General Service Board

Trustees are selected from candidates nominated by the regions and from interested professionals (non-alcoholic trustees). At present there are 21 members of the General Service Board (GB) which meets regularly at the General Service Office in York and serves the Fellowship by providing central services of various types. In addition Trustees chair sub-committees in the service disciplines.

Consultation between groups, intergroups, regions and the General Service Board takes place on a regular basis at service forums and workshops as well as in the membership of the GSB sub-committees.

NB All positions in the AA service structure are taken on a fixed term basis to allow for rotation and renewal.

General Service Conference

The General Service Conference is held annually in York where delegates from all regions gather. In a series of committees (comprising a representative from each region and GSB members) questions which have been submitted from members, groups, intergroups and regions earlier in the previous year are considered and responses drafted to reflect the collective conscience of AA-GB. Thus, guidelines are drafted, amended, ratified and then published throughout the Fellowship on an annual basis.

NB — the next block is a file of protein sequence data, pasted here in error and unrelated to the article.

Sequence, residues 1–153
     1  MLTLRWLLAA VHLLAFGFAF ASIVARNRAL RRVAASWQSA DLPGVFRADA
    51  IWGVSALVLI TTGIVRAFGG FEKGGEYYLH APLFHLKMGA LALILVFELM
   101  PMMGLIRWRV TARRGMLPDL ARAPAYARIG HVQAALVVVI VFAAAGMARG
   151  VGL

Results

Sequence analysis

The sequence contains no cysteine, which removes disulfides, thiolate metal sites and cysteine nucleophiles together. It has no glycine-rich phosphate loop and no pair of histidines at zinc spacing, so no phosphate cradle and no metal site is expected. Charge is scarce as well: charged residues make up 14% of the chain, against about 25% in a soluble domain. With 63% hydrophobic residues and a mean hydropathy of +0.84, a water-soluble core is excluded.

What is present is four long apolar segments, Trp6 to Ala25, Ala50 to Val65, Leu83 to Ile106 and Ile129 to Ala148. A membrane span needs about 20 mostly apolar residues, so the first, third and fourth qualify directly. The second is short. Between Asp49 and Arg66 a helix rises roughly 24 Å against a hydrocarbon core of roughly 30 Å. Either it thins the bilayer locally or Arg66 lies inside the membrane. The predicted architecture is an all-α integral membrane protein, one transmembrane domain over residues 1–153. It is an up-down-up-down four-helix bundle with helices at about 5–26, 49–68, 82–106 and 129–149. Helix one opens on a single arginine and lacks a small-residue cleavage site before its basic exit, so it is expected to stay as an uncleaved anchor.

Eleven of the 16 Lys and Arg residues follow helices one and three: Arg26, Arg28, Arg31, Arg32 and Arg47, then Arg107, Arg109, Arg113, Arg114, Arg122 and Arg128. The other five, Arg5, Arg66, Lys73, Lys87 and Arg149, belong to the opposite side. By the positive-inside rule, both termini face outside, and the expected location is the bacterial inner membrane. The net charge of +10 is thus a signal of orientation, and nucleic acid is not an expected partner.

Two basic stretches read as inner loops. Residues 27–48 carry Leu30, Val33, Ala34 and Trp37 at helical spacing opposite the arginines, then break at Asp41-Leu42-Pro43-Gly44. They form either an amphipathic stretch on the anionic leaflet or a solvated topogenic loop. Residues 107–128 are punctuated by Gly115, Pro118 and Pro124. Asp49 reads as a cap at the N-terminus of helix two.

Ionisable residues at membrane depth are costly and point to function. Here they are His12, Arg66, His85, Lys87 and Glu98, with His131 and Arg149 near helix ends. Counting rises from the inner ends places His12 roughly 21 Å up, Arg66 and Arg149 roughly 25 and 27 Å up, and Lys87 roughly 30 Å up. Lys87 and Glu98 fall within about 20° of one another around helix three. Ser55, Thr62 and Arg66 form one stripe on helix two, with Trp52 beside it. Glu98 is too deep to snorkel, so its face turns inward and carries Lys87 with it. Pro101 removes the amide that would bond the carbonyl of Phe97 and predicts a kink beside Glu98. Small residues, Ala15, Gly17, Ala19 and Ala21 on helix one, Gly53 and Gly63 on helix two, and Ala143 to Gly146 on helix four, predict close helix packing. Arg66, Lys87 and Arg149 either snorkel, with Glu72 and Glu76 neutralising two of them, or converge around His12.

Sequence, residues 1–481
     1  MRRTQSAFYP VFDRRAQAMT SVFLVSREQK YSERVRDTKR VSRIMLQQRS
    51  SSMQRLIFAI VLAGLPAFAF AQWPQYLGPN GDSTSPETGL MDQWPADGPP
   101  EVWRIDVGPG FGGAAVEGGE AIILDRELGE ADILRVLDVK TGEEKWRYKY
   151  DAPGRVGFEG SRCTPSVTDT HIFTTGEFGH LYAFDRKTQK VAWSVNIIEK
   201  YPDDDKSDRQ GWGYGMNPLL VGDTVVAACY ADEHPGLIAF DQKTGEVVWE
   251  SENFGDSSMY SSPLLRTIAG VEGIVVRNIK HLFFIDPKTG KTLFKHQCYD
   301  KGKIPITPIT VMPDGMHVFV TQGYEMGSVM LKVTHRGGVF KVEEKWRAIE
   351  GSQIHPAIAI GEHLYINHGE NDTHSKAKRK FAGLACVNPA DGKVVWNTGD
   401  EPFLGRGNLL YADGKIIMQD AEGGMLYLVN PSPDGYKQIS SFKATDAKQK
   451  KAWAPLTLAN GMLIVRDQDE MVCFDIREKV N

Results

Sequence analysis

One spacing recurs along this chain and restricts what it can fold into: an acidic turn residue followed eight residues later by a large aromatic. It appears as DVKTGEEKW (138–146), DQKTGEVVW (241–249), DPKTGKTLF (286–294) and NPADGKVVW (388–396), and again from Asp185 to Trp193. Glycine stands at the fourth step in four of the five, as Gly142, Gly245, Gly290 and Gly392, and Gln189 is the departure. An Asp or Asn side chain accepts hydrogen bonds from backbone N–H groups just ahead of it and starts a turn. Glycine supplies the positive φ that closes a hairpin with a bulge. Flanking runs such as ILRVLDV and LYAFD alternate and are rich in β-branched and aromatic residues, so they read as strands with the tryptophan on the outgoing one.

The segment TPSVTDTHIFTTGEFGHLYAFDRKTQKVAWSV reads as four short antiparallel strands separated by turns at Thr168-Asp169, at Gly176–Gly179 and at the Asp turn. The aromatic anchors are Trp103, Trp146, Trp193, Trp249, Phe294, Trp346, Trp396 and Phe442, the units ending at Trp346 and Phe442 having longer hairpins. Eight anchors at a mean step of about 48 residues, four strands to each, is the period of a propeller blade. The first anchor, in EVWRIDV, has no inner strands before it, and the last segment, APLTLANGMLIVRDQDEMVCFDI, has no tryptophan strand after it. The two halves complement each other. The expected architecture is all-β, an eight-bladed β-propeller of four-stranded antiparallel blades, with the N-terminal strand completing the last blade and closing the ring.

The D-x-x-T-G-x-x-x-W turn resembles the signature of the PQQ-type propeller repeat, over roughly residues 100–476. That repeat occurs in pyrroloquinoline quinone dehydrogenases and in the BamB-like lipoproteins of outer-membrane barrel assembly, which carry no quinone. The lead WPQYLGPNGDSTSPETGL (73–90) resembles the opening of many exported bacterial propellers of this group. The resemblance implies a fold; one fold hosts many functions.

The governance of Alcoholics Anonymous in Great Britain is based on the voluntary instruments: The Twelve Traditions, The Twelve Concepts for World Service and the Charter for the General Service Conference.

The General Service Board is a registered charity. Groups, intergroups and regions are recognised by the Charity Commissioners as informal, autonomous affiliated groups which have no independent constitution.

Financial Policy

Over the years, Alcoholics Anonymous has affirmed and strengthened a tradition of being fully self-supporting and of not seeking, or accepting, contributions from non-members. When outside contributions are received at the General Service Office in York, they are returned with a note explaining AA's position on the question of self-support.

In Great Britain, the amount that may be contributed to the support of movement-wide services by any individual member is limited to £10,000 per annum. The exception being members legacies which are limited to one payment with a maximum limit of £10,000

Expenses at the group level for rental of meeting places, coffee and refreshments, literature, etc., are met by "passing the hat." In a majority of groups, an amount is set aside regularly for the support of AA world services.

All contributions are voluntary. Membership in AA involves no dues or fees. Similarly, all groups benefit from GSO activities, although not all groups contribute to GSO's support.

Income from the sale of Conference-approved books and other literature has always been an important factor in the support of GSO services, frequently insuring continuation of those services when contributions from the Fellowship were inadequate.